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Romney's latest health care quandary

This article originally appeared on RealClearPolitics.
With the Capitol in the background, Republican presidential candidate, former Massachusetts Gov. Mitt Romney speaks about the Supreme Court's health care ruling, Thursday, June 28, 2012, in Washington. (AP Photo/Charles Dharapak)

Following Thursday's Supreme Court ruling to uphold President Obama's health care reform law, it did not take long for Republicans to shift en masse from public displays of anger and disappointment to reaffirmation of their commitment to repeal the law.

The crux of Mitt Romney's argument against the Affordable Care Act, after all, had never been that it is unconstitutional, but rather that it is bad policy.

In his first remarks following the court's decision, Romney was quick to emphasize that distinction:

"What the court did do today is say that Obamacare does not violate the Constitution; what they did not do is to say that Obamacare is a good law or that it is good policy. What the court did not do on the last day in session, I will do on my first day if elected president of the United States, and that is that I will act to repeal Obamacare."

Romney's show of commitment to the issue literally paid immediate dividends. On Friday, his communications director, Gail Gitcho, tweeted that since the ruling the presumptive nominee's campaign had raised $5.5 million from 55,000 donors, 65 percent of whom were first-time contributors.

But as Romney retreated to his lakeside New Hampshire home for a weeklong family vacation, the extent to which he will emphasize health care in the months ahead remained uncertain.

Since securing the Republican nomination in April, he has unrelentingly focused on one message: that Obama has not been an effective economic steward for the nation and that the country needs a leader with the experience and wherewithal to create jobs and boost prosperity.

Of course, his campaign staff has not shied from engaging in media-driven spats du jour and other minor controversies that fade quickly, but the candidate himself has been disciplined in steering clear, for the most part, of issues that are not directly related to the economy.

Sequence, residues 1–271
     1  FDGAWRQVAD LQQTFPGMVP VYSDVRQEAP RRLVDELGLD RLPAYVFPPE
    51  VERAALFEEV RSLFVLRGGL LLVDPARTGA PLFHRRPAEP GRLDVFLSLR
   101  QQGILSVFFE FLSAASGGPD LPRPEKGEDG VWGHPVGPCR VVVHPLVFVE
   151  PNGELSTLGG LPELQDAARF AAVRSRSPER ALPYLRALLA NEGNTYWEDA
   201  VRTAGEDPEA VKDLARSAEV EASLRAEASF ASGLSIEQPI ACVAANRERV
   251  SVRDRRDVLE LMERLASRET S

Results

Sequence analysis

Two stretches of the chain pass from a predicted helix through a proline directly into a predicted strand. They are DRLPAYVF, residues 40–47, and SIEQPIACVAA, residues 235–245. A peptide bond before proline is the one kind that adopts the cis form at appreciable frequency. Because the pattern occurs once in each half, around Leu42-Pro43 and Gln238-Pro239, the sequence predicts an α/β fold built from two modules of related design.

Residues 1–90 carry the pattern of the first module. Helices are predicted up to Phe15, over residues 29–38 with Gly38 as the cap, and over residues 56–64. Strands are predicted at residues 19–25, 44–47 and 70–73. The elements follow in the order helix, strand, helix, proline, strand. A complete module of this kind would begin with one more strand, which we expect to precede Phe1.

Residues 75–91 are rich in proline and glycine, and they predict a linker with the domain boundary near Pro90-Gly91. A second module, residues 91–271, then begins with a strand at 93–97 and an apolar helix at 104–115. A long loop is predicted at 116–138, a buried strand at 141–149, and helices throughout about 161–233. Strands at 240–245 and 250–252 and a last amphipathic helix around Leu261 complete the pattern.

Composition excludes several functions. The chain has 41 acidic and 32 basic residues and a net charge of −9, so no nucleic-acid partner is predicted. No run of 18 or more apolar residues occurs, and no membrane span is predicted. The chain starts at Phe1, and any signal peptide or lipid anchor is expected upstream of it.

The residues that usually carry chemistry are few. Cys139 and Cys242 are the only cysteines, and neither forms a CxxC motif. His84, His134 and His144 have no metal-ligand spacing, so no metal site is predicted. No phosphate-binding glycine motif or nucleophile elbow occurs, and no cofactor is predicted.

When President Obama announced a dramatic deportation policy shift that would allow many young illegal immigrants to remain in the country, for instance, Romney declined repeatedly to state whether he would reverse the directive as president.

And although a Romney communications aide offered a brief criticism of the president's invoking of executive privilege to withhold from Congress documents related to the "Fast and Furious" gun-walking scandal, the candidate himself has been silent on the issue, which has long been a conservative rallying cry against the administration.

Despite the campaign's wariness about delving into issues that could take the political conversation into unpredictable territory, many supporters say Romney should not allow the health care issue to fall into the background.

"The key for Romney is to turn around to independents and moderates and say, 'Look, while there's some popular provisions in here -- 26-year-olds, pre-existing conditions -- it's a dog with fleas and an enormous middle-class tax hike,' " said Republican strategist Ford O'Connell. "But he will also have to at some point come up with a definitive plan of how he'll replace it. Americans know that we need health care reform, but what Romney has to say to them is 'This is not the best way to go about it.' "

On the Sunday political talk shows, prominent Republicans appeared unified in the belief that even though they lost the Supreme Court battle, the health care issue would remain a potent weapon for conservatives and one that Romney should wield confidently heading into November.

On NBC's "Meet the Press," Louisiana Gov. (and potential Romney running mate) Bobby Jindal was eager to offer the same arguments for repealing the law that other conservatives have long made, citing a flurry of data to help make his case.

"This coming election gives American voters a chance -- we've got two very different candidates," he said. "There's never been [for] one day a majority of the American people who've wanted this."

And on CBS News' "Face the Nation," House Speaker John Boehner vowed that he and his fellow Republicans "will not flinch" in their efforts to hold more votes on repealing the law and he expressed confidence that they would ultimately succeed.

"All it really does is strengthen my resolve and resolve of Republicans here in Washington to repeal this awful law, which is increasing the cost of health insurance for the American people and making it harder for small businesses to hire new workers," Boehner said.

There is little doubt that the Supreme Court's ruling has helped to rally conservatives to Romney, whose election is now their last remaining hope of repealing the law.

Yet the health care issue has always been an exceedingly tricky one for the former Massachusetts governor. His Republican primary opponents were eager to point out that his universal plan in the Bay State served as a model for Obama's national reform, and Romney now runs the additional risk of being perceived by swing voters as re-litigating an issue that already has been resolved.

While his view on the matter remains the same as when he entered the race, whether Romney makes repeal a top talking point will be one of his key decisions leading into the final four-month sprint to Election Day.

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